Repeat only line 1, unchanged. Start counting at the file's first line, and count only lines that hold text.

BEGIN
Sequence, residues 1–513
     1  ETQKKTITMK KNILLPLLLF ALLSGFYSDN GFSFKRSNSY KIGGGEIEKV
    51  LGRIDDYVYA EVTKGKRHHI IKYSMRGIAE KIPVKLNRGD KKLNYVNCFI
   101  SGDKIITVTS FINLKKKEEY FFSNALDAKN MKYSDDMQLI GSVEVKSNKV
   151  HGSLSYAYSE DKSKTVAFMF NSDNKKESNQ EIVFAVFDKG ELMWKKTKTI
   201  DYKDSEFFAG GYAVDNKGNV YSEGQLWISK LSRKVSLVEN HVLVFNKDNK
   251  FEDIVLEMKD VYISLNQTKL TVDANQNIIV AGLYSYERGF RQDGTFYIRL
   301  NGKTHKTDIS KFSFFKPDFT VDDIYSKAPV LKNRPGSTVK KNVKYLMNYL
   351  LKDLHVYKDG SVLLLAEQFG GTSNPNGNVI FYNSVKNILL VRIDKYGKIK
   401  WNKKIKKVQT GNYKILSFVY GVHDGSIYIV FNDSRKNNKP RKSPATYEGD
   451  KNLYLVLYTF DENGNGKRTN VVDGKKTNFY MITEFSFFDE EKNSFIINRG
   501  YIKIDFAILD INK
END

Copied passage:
Sequence, residues 1–513